After reviewing the brain CT scan and examination by the neurosurgical team, there were no signs of skull fracture to account for the pneumocephalus thus no neurosurgical indication was retained.

A control CT scan was performed on day 6 and showed total regression of the pneumocephalus and the pneumorachis. The evolution was marked by multiple ventilator-acquired pulmonary infections requiring the pursuit of invasive ventilation and sedation. Multiple attempts of sedation withdrawal were performed but full neurological recovery could never be obtained due to agitation or a rapid need for sedation for ventilatory purposes. A follow-up CT scan performed on day 30 revealed no intracranial bleeding or stroke, but a left pleural hernia between ribs 5 and 6.

Our patient’s state finally worsened with septic shock due to ventilator-associated pneumonia leading to multiple organ failure with acute respiratory distress syndrome requiring prone positioning, acute kidney failure on continuous hemodialysis, and major hemodynamic failure despite high doses of norepinephrine. Our patient died on day 37.


Mechanisms of pneumorachis and pneumocephalus

Pneumorachis has often been described in association with pneumothorax or pneumomediastinum. In a post-traumatic setting, it is mostly reported after penetrating trauma or associated with spinal fractures [2, 3]. The most frequent initial mechanism is an increase in intra-alveolar pressure (acute asthma, recurrent vomiting, or closed thoracic trauma). Barotrauma and alveolar rupture allow air migration along the bronchial tree up to the mediastinum. The collected air then separates the mediastinal pleura from the aorta and the parietal pleura from the spine; therefore, it enters the epidural space via the intervertebral foramina. The suddenness, more than the size of the pneumothorax, induces this initial increase in intra-alveolar pressure [4].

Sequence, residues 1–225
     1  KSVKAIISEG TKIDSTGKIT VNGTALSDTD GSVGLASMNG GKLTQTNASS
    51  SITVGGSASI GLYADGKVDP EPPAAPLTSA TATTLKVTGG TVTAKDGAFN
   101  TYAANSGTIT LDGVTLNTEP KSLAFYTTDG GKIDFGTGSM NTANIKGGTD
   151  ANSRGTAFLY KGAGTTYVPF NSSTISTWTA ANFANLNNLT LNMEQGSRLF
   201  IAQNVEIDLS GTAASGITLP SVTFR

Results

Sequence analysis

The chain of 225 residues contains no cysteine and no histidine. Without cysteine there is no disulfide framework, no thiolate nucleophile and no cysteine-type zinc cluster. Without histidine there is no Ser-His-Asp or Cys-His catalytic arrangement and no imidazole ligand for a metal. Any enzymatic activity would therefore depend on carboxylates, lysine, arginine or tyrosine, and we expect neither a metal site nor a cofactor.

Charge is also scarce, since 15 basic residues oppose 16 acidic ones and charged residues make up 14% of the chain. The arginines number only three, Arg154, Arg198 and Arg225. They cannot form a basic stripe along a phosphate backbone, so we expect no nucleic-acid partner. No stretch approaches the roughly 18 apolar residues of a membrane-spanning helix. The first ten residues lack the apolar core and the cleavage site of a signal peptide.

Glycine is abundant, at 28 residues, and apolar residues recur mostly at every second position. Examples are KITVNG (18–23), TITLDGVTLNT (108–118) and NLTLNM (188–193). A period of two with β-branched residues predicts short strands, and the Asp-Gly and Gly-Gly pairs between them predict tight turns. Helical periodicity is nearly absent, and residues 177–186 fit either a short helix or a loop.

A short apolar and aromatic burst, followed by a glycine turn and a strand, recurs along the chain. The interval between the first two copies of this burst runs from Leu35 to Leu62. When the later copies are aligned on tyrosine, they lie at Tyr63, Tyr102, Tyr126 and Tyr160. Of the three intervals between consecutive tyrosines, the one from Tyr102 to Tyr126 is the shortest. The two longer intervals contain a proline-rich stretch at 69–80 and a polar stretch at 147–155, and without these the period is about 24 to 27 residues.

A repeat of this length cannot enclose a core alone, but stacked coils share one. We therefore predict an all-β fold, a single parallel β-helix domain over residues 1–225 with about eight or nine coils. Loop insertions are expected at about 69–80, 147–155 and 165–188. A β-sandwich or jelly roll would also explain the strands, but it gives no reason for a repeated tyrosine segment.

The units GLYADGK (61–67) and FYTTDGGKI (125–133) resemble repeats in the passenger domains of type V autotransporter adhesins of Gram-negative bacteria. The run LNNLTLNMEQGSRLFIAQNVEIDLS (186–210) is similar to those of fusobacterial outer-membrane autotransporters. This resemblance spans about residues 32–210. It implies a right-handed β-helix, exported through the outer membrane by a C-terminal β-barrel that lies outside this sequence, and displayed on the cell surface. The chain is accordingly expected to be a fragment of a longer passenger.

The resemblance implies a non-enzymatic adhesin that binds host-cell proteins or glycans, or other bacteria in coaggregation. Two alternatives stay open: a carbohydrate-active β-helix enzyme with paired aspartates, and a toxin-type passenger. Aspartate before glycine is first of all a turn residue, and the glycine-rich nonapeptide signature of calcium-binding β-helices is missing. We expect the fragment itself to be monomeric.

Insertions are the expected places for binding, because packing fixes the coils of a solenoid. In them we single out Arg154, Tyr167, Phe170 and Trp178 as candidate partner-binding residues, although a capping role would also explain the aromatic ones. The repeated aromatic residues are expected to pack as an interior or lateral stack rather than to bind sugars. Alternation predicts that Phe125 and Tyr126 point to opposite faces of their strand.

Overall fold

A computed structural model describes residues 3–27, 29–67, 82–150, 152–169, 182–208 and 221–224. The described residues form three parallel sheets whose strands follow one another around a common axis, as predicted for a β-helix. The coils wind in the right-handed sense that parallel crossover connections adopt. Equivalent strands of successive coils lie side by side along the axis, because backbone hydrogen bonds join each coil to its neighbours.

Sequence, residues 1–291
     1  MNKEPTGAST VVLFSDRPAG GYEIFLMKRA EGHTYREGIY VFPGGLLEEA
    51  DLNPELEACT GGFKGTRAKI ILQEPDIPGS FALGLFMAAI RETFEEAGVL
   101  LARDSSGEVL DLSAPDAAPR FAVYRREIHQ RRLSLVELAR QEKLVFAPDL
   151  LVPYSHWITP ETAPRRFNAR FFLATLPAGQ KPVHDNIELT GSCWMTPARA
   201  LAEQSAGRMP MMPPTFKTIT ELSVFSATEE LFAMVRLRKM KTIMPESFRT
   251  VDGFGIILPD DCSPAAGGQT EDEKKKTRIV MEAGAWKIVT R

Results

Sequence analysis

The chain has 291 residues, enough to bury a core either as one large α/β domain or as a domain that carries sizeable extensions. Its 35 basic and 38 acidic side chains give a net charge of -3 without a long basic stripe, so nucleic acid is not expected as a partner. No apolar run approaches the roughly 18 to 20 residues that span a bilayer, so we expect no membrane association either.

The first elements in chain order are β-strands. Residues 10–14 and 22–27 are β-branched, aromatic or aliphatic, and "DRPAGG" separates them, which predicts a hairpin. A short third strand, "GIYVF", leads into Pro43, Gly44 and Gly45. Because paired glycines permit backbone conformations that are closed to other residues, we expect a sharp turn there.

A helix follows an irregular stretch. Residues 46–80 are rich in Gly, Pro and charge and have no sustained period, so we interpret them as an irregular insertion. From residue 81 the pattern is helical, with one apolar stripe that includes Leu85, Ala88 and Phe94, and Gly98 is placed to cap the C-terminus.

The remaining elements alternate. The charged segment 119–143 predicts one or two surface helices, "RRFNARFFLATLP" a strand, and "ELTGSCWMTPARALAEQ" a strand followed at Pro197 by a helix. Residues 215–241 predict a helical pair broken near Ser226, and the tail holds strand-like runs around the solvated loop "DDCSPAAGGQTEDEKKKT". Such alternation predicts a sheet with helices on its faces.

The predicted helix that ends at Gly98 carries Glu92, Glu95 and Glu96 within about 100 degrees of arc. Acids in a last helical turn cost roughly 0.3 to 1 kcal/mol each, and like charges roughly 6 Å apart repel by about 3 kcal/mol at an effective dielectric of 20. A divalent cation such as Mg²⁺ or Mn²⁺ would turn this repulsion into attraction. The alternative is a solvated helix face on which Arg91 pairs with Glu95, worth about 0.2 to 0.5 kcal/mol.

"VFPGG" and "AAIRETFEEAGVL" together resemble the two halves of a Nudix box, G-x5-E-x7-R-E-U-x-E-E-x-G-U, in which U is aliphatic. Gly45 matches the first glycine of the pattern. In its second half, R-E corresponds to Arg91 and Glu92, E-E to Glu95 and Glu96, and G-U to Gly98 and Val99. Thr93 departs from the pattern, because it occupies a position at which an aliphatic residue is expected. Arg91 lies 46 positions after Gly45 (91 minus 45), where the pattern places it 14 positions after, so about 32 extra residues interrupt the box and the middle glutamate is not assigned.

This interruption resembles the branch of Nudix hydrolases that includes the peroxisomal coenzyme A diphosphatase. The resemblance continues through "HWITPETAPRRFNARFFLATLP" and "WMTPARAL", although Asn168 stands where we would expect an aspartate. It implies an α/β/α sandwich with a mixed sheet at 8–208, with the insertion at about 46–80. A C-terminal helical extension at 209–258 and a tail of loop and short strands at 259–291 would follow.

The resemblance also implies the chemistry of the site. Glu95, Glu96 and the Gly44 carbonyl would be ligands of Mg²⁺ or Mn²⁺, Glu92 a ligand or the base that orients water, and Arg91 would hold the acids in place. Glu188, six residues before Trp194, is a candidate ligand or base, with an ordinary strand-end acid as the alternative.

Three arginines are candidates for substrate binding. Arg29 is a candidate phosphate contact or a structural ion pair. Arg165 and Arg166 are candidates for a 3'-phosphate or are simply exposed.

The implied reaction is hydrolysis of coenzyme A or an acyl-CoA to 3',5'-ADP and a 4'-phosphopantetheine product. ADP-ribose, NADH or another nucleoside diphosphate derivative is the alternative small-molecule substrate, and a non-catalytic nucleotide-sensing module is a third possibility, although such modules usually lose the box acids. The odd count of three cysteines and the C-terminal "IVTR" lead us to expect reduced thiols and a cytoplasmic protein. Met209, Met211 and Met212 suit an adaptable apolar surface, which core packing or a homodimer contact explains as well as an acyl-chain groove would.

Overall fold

Pneumocephalus is mostly caused directly by opening of the skull, be it after traumatic skull fractures or iatrogenic after surgery. In this traumatic setting, skull base fractures need to be searched because of a communication with the upper airways and consequently a high risk of infections. Pneumocephalus can also be caused by the migration of air from the spinal perimedullar or subarachnoid spaces. And, finally, one case report showed pneumocephalus associated with pneumothorax without pneumorachis. The involved mechanism is the migration of air along the carotid sheath into the cranial cavity [5]. In the present case, we hypothesize that pneumocephalus is the consequence of air migration after pneumorachis following closed thoracic trauma.